Perfectly unlivable: urban design in a world of play

The Gameological Society, a new gaming spinoff of The A.V. Club, interviews game designers on the challenges of establishing setting. There’s analysis here of three different games, each with widely different aesthetic and mood: Deus Ex: Human Revolution, Yakuza and Final Fantasy XII.

I especially liked the breakdown of Deux Ex’s futuristic Detroit setting, on setting the right balance of freedom for the player character:

The goal, then, isn’t to make the city big, but to make it seem big. It’s all about how you wrestle out that illusion of urbanity. “The player must feel like he has freedom of exploration, that he can be creative with the environment,” Jacques-Belletête said. “At the same time, we need to set limits and boundaries in the world and these boundaries must feel ‘natural.’ We think a lot about what these boundaries will be.”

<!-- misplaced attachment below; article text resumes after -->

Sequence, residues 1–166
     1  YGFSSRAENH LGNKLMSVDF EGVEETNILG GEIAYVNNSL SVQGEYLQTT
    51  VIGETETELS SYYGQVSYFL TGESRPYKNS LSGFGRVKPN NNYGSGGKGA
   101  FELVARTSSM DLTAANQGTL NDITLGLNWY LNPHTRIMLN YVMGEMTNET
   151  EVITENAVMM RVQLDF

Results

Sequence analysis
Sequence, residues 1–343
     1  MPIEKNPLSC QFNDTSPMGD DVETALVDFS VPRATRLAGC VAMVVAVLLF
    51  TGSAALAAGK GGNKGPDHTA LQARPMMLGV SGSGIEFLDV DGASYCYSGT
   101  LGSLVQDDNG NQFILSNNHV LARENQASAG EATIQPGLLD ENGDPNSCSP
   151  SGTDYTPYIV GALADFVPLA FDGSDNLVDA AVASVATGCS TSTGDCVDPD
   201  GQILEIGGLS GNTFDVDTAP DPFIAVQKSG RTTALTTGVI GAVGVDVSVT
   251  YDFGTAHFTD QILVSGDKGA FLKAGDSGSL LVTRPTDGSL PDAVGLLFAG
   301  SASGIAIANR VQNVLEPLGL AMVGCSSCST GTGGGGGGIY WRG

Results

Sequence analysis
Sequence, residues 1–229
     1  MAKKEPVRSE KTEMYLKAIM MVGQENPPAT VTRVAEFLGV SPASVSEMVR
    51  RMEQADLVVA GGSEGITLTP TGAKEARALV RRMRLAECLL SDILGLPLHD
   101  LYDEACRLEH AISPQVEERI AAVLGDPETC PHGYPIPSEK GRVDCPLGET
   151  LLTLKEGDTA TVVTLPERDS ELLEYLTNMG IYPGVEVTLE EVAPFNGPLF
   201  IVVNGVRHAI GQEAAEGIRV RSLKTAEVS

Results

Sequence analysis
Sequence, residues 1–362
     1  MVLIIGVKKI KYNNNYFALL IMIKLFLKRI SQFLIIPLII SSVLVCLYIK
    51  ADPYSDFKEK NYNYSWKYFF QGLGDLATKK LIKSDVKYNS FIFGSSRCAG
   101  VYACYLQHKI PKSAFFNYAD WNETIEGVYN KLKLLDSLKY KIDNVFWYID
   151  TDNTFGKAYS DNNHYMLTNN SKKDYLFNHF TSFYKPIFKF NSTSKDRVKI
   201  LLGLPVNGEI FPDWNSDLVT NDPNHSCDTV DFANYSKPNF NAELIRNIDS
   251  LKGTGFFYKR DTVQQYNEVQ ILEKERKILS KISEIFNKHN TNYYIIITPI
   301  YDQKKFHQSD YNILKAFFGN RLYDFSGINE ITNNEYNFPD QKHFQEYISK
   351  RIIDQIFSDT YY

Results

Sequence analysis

The boundaries can be superficial. A police barricade, a boarded up door, a chain link fence that’s just too high to jump. Those boundaries can be masked, though, by any number of perceptual means. “A great trick to make the city feel bigger and livelier than it actually is with the sound. Having dogs bark in the distance, the echoes of police sirens, and people talking and babies crying when you get near windows of apartment buildings. The streets of our game don’t have cars moving in them. But with each opportunity we had, you can see moving cars in the distance—on overpasses, on the other side of fences, and other such places.”